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How does inflation explain why the curvature in the early universe was flattened out and now results in a flat universe?

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3 Answers 3

This is really simple once you get it:

The usual analogy here is to look at the surface of a balloon (which is a surface in 3D space, rather than 3D space itself, but the analogy still works)

A partially inflated balloon has tight curvature, but as it is inflated, the curve decreases - the surface at any point becomes 'flatter'

From an article on this topic on scienceblogs.com:

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The universe has expanded a lot since the big bang - any curves, ripples or inconsitencies have largely been flattened, so it is difficult to detect them now. This article on space.com quotes:

The Harvard-Smithsonian study spotted gravitational waves as ripples in space-time possible left over from the rapid expansion of the universe (called inflation) right after the Big Bang nearly 13.8 billion years ago.

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Could it be that because the universe is so vast, we don't really see the curve, but there could still be one? How do we know for sure that every curve, ripple, or inconsistency was completely flattened out? –  user1542 May 13 at 21:01
    
Your comment makes no sense. We know that the ripples have not been entirely flattened out, as I stated in my answer. There is a curve, but it is exceedingly flat - as I stated in my answer. –  Rory Alsop May 13 at 21:02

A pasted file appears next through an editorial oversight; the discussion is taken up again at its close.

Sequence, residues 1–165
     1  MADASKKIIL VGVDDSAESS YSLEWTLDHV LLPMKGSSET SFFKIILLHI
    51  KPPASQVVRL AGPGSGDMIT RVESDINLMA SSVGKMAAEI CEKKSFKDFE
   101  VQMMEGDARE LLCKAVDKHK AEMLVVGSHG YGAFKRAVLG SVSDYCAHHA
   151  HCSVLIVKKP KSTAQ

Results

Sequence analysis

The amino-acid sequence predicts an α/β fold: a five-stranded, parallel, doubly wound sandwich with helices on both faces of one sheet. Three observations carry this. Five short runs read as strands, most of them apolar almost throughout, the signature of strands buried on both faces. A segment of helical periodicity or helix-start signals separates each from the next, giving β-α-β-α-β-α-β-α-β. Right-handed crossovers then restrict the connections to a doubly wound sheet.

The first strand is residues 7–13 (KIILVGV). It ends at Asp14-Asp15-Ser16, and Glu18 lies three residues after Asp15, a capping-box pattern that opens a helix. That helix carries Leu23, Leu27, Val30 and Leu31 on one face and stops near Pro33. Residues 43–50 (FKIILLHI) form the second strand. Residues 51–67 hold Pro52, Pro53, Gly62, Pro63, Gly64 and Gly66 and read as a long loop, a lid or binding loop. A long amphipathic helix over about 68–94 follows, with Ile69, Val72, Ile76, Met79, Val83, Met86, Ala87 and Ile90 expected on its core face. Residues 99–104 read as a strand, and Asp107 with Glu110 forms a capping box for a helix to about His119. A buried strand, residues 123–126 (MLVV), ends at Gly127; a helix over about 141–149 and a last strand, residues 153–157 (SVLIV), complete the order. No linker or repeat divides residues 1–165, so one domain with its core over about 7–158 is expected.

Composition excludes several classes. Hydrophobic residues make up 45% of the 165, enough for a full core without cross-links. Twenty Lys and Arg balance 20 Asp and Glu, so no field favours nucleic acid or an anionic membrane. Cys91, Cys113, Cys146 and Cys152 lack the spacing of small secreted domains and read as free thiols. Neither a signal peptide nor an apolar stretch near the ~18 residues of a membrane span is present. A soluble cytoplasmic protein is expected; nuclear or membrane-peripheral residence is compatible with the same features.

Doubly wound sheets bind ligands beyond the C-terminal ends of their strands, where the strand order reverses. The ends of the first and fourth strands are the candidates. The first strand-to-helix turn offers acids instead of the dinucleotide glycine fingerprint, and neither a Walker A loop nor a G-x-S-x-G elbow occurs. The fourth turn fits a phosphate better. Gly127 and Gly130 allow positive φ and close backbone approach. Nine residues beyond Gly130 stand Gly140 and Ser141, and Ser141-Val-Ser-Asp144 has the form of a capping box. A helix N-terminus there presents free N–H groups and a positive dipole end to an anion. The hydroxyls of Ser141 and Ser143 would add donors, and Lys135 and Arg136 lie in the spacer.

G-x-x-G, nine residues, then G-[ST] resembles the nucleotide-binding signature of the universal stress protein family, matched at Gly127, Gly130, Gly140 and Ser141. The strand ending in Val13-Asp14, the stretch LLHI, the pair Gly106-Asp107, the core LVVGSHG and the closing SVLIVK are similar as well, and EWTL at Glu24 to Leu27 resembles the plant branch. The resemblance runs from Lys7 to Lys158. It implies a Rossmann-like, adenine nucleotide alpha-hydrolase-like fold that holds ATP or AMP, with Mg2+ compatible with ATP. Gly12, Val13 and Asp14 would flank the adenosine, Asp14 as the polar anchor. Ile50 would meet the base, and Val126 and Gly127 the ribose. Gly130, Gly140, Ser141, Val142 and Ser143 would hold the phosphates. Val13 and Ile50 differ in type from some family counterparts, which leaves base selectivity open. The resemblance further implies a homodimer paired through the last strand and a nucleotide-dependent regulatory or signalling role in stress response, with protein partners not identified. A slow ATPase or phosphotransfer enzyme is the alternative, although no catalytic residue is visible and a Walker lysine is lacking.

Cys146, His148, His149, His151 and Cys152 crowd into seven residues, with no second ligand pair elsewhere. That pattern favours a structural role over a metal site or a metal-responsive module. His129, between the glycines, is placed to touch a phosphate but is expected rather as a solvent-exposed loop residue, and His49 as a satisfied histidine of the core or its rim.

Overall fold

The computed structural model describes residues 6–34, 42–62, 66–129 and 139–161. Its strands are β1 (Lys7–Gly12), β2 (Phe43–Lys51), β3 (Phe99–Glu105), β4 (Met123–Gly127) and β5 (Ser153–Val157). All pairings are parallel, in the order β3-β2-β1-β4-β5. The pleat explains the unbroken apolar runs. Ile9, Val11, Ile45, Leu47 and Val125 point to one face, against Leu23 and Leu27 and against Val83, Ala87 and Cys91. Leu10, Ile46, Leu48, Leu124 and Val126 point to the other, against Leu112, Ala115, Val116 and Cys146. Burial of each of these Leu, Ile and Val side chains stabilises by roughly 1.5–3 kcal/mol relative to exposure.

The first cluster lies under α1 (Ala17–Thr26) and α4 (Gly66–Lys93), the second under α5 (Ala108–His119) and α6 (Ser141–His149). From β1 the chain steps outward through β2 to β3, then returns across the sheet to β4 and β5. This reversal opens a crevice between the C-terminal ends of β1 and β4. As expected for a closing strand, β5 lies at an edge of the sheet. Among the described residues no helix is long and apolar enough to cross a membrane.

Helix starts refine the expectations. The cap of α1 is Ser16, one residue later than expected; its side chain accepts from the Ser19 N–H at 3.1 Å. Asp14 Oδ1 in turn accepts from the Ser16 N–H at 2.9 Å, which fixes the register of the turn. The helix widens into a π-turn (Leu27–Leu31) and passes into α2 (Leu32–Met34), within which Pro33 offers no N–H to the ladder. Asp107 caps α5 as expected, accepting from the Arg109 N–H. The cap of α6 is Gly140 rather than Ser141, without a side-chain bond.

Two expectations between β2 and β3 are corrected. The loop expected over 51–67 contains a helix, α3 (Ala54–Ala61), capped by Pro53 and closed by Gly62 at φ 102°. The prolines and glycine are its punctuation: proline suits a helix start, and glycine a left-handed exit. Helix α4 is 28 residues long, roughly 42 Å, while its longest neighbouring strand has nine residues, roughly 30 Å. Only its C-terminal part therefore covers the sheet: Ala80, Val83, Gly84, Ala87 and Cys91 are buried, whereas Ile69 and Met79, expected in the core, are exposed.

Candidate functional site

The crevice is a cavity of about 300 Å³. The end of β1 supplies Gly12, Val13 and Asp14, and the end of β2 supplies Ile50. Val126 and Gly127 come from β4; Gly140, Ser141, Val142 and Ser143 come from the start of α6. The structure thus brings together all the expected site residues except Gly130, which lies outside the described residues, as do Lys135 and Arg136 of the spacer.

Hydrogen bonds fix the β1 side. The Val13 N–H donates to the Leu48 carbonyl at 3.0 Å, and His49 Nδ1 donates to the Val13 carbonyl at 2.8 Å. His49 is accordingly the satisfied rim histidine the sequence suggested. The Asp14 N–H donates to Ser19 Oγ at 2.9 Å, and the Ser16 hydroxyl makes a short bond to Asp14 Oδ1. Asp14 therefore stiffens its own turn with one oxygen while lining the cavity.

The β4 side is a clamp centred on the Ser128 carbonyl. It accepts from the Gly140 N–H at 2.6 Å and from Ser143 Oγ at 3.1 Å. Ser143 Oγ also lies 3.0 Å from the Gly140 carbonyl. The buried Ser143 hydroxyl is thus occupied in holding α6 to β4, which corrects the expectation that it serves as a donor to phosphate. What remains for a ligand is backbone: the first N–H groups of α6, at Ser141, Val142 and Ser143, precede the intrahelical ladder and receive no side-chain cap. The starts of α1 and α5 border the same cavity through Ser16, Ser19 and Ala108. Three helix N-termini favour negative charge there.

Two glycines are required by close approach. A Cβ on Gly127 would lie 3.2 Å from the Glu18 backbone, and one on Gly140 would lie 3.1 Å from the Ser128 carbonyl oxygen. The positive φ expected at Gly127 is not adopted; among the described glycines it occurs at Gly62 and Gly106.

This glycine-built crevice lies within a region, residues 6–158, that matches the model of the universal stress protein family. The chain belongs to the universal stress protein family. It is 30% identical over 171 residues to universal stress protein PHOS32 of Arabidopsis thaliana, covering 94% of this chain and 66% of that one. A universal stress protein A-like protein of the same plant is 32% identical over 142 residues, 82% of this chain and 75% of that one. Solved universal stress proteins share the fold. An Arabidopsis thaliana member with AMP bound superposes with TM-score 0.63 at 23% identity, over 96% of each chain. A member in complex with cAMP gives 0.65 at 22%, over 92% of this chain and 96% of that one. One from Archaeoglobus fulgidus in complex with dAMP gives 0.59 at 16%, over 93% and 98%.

Updated to link to one of many articles and papers on the subject –  Rory Alsop May 13 at 21:14
    
@RoryAlsop I think gravitational waves doesn't provide any evidence for the flatness of the universe, as you point out towards the end of your answer. What I mean is, the existence of those gravitational waves do provide some evidence for the inflationary process the universe overcame in the very beginning but it tells us nothing about it being curved or flat. –  harogaston May 13 at 23:30
    
@harogaston You don't get gravitational (or any other) waves without the change in local geometry. –  TildalWave May 14 at 1:10

Curvature of spacetime is predicted by General Relativity and is a function of the density of the universe. Because inflation rapidly expands the volume of the universe it also rapidly decreases the density, so flattening space time.

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-1 this explanation might make some sense if critical density were zero, but that is not the case. –  Stan Liou May 15 at 4:12

One of the Friedmann equations describing the cosmological evolution of the universe is: $$H^2 \equiv \frac{\dot{a}^2}{a^2} = \frac{8\pi G}{3}\rho - \frac{k}{a^2}\text{,}$$ where $a$ is the scale factor describing by how much the space expands (related to the Hubble parameter by $H = \dot{a}/a$), and $k\in\{-1,0,+1\}$ is a parameter corresponding to whether the spatial curvature is negative, zero, or positive, respectively. Note that this parameter doesn't tell us the magnitude of the spatial curvature, only its sign, e.g., a very slightly positively curved universe would still have $k=+1$. Also, the cosmological constant is considered to be part of the energy density $\rho$.

If we want a spatially flat universe, we can put it $k = 0$ and infer a critical density that the universe would have to have in order to be flat: $$\rho_\text{c} = \frac{3H^2}{8\pi G}\text{.}$$ Using this value, we can re-write the first Friedmann equation as: $$\rho_\text{c} = \rho - \frac{3k}{8\pi G a^2}\text{,}$$ or in terms of the density parameter $\Omega = \rho/\rho_\text{c}$: $$(\Omega-1)\rho_\text{c}a^2 = \frac{3k}{8\pi G}\text{.}$$ What inflation does is exponentially increase scale factor $a$, which keeps $H$ and therefore $\rho_\text{c}$ constant. Since the right-hand side is always constant, that means $(\Omega-1)\rightarrow 0$, i.e., the universe is driven towards the density that makes it flat.

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